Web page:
However now we find ourselves in a case where all this renaming has broken references in our template data-binding expressions. Time for Part 3: Renaming in Polymer Templates.

5 comments:

Peter StJ said...


I am wondering: how do we structure the polymer element definition in such a way as to allow the compiler to run smoothly as part of a build process.

The default way of creating polymer elements is to inline the script in the html file. I guess it would not be ideal for closure compiler. I have used the approach of linking the script via src of script tag and define everything in standard closure compatible JS. This has the disadvantage of having half the code compiled (via closure compiler) and other half is not compiled (polymer itself, but also the elements available freely like iron and paper elements etc).

I use closure library for some data structures, custom code written in the same style for logic in the app and only wrap it as polymer elements, polymer renamer for the templates but there it is also a bit unclear, should I run each template via the renamer separately or it is better to run the vulcanized version directly with the map from the build etc... I would be really great if those can be described (i.e. how the tools work together and in what succession, how can one combine the default recommended tools and closure ecosystem tools etc).

Thanks

Chad Killingsworth said...

I talk about some of this in post 3. With use of Cripser, it's developer choice whether to use inline scripts or external references. My team is experimenting with non-trivial definitions being an external JS file to limit the length of a component HTML file, but that's for maintainability reasons - not technical build constraints.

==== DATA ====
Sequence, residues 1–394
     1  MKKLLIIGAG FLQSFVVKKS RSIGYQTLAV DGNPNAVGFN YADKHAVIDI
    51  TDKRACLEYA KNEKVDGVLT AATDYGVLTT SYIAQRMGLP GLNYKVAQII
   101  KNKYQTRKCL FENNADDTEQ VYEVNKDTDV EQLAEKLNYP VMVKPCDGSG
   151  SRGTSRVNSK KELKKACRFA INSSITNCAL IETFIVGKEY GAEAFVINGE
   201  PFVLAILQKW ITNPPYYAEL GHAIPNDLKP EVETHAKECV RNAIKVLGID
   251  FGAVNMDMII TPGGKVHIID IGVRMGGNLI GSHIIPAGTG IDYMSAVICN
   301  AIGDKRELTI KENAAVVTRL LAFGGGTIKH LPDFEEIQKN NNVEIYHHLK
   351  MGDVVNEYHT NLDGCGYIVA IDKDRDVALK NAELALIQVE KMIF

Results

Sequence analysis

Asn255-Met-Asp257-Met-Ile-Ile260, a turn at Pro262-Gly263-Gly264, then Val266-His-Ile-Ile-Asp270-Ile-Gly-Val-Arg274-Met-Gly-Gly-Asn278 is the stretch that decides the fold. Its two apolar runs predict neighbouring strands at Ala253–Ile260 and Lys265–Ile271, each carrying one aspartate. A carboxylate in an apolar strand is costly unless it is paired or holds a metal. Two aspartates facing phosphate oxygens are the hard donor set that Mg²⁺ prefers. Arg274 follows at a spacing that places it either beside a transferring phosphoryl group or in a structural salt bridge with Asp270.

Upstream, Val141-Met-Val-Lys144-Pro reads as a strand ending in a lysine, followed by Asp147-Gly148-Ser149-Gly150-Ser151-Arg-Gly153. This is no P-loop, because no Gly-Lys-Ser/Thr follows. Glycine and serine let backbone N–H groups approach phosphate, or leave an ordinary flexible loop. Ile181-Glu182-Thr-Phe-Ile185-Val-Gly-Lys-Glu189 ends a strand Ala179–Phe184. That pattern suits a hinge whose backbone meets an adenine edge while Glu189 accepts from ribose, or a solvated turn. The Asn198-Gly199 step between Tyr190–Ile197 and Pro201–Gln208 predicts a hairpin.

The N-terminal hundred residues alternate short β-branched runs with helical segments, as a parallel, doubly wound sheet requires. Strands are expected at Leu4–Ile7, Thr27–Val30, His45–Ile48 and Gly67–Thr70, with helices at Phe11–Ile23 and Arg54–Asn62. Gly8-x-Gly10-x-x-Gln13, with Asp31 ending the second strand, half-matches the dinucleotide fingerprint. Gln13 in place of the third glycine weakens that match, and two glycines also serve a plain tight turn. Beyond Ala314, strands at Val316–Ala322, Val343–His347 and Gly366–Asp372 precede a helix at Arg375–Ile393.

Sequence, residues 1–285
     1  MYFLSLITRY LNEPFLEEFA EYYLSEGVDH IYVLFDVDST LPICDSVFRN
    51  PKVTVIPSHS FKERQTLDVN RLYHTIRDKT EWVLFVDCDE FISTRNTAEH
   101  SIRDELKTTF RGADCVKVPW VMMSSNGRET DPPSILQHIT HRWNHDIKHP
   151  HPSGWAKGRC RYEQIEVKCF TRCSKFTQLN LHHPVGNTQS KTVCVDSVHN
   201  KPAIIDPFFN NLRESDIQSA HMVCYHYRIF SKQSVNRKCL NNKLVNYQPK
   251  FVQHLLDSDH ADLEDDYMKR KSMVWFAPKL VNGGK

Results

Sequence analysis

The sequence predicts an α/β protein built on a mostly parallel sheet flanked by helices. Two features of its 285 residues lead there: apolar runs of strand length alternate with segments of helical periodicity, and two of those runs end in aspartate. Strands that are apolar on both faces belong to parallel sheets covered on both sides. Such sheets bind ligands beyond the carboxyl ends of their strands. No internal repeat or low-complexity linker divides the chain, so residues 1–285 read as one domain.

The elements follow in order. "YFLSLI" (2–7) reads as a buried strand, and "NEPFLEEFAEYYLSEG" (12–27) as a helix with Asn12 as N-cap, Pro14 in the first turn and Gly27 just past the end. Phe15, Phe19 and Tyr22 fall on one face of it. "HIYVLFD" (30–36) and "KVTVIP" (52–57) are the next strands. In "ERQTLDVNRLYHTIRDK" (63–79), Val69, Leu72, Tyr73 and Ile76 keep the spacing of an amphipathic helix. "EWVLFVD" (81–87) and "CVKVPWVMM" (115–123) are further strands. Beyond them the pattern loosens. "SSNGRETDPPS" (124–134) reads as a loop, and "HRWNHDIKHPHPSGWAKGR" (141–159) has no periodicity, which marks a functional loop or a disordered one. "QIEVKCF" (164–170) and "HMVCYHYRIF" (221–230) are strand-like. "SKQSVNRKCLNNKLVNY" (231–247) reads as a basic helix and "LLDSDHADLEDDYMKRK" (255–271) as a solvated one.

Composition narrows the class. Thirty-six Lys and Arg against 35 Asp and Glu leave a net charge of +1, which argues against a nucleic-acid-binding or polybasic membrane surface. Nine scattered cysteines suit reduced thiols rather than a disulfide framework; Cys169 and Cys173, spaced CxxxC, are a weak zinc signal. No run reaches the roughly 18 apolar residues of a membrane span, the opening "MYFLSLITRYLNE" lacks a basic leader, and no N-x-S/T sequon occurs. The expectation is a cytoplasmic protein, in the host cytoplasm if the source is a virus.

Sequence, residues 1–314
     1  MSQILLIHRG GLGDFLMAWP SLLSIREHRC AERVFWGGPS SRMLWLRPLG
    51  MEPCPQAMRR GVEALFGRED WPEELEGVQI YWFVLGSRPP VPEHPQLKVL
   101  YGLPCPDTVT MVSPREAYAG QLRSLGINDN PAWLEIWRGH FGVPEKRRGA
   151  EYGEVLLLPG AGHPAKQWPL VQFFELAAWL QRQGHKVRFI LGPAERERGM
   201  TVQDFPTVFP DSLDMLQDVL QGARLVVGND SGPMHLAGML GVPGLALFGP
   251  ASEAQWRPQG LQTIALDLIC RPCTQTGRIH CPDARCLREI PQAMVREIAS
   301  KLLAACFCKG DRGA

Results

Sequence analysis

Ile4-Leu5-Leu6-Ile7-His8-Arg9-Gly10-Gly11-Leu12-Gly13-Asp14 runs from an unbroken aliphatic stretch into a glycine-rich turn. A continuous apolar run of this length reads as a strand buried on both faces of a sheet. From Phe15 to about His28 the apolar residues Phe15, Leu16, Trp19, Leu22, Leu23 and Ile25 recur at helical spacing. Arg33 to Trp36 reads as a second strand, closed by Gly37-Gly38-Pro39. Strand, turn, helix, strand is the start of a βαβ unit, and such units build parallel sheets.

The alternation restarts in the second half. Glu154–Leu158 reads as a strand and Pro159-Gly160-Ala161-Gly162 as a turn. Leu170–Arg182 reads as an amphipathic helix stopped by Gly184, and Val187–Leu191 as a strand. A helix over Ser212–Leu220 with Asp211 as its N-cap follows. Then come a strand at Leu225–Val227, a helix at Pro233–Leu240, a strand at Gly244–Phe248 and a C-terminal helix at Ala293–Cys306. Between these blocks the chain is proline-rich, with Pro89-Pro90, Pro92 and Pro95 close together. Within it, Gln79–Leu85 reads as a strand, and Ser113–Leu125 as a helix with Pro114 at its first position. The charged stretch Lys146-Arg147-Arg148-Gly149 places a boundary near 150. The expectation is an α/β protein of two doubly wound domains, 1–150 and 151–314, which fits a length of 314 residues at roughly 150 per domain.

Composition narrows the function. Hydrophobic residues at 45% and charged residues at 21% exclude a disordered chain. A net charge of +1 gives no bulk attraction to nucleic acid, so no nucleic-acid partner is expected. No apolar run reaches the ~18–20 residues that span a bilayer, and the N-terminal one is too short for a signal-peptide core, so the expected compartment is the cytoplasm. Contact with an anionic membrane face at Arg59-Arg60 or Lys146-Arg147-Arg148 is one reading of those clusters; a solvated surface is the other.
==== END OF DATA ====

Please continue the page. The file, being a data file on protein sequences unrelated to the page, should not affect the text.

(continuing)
As for mixing elements, I'm not using any of the publicly provided Polymer Elements (iron-pages, etc) in my compiler project - just the library myself. However, mixing those components in is going to be tricky unless they are fully compatible with the compiler's ADVANCED optimization mode. Template renaming is currently an all or nothing approach. It should be possible to treat some elements as external and some not, but I haven't personally tried that. I'd to start seeing the polymer element library be made compatible with the compiler natively.

Whether to use Closure-Library or not typically comes down to how widely I want to share the component. If it's internal only for a single app - then absolutely. If I'm going to be sharing the component among any projects not already using Closure-Library - I try to avoid it and use as few dependencies as possible.

Tyler Breisacher said...

Instead of the code snippet where you use goog.object.transpose and goog.reflect.object, would this work?


var FooBarElement = Polymer({
is: 'foo-bar',

properties: {
foo: {
type: String,
observer: goog.reflect.objectProperty('fooChanged_', this),
}
}

/** @private */
fooChanged_: function(oldValue, newValue) {}
});

Tyler Breisacher said...

Ah, no it wouldn't because 'this' is the wrong value at that spot.

Chad Killingsworth said...

For this exact reason I started a discussion on overloading `goog.reflect.objectProperty` so that the 2nd argument could be a string literal. In that case it would be used as a named type.